The Chinese labour market has recovered quickly following the sharp economic downturn caused by the COVID-19 pandemic. While widespread lockdown measures in early 2020 pushed large numbers of Chinese workers out of the labour market, successful containment of the virus allowed most of these workers to return relatively quickly. Structural factors – notably a shrinking labour force – are now likely to be the dominant drivers of developments in the Chinese labour market. In the short term, policymakers are considering changes to the retirement age to boost labour supply. In the longer term, the focus of reforms is increasing labour productivity and reducing labour market frictions.

china, employment, labour market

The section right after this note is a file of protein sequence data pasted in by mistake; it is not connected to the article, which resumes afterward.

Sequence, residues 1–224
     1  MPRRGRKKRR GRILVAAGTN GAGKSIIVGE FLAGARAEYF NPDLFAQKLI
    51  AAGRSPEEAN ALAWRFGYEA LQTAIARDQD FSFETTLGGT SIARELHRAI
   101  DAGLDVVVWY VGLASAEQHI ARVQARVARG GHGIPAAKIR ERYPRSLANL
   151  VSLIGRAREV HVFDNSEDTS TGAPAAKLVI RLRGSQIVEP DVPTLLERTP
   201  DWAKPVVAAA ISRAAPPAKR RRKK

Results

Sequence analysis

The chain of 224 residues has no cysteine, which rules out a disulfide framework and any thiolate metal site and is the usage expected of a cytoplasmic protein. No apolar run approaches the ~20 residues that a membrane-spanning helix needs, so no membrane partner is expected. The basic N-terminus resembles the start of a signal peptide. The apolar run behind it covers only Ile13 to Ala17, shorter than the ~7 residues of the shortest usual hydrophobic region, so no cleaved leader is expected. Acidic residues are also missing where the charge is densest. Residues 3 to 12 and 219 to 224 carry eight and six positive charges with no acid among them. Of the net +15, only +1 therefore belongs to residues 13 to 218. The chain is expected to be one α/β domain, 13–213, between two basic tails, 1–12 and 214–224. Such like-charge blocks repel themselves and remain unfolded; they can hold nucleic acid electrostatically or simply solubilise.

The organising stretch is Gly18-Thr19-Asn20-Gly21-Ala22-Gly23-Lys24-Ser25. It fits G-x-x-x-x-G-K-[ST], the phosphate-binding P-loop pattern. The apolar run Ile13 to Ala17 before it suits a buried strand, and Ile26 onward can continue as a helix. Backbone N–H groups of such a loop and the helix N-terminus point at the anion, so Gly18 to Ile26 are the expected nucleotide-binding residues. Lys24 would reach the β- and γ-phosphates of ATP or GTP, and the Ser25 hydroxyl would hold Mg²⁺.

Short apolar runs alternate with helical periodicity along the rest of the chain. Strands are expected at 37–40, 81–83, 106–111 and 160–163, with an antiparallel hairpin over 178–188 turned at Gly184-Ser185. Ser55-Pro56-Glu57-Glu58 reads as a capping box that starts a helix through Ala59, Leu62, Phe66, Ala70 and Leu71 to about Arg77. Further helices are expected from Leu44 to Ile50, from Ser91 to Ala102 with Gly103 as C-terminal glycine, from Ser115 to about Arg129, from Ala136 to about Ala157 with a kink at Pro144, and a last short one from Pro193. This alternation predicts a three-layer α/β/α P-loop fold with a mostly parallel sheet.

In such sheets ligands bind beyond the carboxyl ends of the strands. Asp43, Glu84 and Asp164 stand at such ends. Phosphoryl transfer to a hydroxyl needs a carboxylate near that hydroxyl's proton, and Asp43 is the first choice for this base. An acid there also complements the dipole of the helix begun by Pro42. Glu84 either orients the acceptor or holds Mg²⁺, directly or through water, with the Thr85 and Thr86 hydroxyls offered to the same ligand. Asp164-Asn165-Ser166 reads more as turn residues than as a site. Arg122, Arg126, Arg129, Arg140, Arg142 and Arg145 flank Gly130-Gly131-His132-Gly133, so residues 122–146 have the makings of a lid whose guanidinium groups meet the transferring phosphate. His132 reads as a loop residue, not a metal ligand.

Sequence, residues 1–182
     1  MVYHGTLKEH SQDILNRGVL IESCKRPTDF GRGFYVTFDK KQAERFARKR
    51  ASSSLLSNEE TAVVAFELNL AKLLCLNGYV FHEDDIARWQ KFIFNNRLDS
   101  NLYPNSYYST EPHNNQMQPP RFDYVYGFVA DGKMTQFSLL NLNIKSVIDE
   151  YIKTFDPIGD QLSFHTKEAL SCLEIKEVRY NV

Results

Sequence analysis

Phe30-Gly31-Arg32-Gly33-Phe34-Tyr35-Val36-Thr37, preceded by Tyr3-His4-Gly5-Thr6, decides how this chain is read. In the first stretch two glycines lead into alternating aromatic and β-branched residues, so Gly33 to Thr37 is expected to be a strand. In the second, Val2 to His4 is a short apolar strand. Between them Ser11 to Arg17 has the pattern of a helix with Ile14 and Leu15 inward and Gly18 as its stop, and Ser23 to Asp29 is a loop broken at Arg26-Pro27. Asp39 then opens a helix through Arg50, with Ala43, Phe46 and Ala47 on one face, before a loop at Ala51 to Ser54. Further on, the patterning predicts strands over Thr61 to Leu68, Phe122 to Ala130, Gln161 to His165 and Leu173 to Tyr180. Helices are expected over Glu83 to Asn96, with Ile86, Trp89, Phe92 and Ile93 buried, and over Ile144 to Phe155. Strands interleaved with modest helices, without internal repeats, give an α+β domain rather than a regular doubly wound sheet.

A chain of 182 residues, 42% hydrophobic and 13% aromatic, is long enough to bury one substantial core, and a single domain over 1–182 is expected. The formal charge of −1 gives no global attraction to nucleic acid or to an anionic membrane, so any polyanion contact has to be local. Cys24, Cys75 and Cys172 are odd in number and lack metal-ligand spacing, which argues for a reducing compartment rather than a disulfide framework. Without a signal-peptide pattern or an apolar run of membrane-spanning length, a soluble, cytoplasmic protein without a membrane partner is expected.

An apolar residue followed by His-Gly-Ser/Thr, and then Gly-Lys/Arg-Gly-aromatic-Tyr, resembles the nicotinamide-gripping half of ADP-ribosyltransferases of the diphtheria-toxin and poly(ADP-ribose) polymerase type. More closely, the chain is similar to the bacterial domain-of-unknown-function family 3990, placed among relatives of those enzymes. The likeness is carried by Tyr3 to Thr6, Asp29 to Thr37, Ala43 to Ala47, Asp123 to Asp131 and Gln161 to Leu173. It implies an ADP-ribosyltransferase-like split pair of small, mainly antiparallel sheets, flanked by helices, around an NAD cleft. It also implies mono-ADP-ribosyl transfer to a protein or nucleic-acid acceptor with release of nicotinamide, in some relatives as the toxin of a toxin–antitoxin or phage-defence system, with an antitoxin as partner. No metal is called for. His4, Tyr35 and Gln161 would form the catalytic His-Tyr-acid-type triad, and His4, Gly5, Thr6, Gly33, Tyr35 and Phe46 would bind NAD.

Global Economy
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China's Evolving Financial System and Its Global Importance

Nicole Adams, David Jacobs, Stephen Kenny, Serena Russell and Maxwell Sutton

China's economic policy response to the COVID-19 pandemic has been less stimulatory than the response after the global financial crisis because Chinese authorities have sought to avoid fuelling risks in the financial system. Indeed, the authorities have continued with reforms to make the financial system more market-based so that it can better support China's economy, although the state continues to play a central role in the financial system. At the same time, China has become increasingly important for international financial markets, mainly due to its weight in international trade but also because certain cross-border capital flows are rising.

china, credit, finance, reforms

The graphs in the Bulletin were generated using Mathematica.

ISSN 1837-7211 (Online)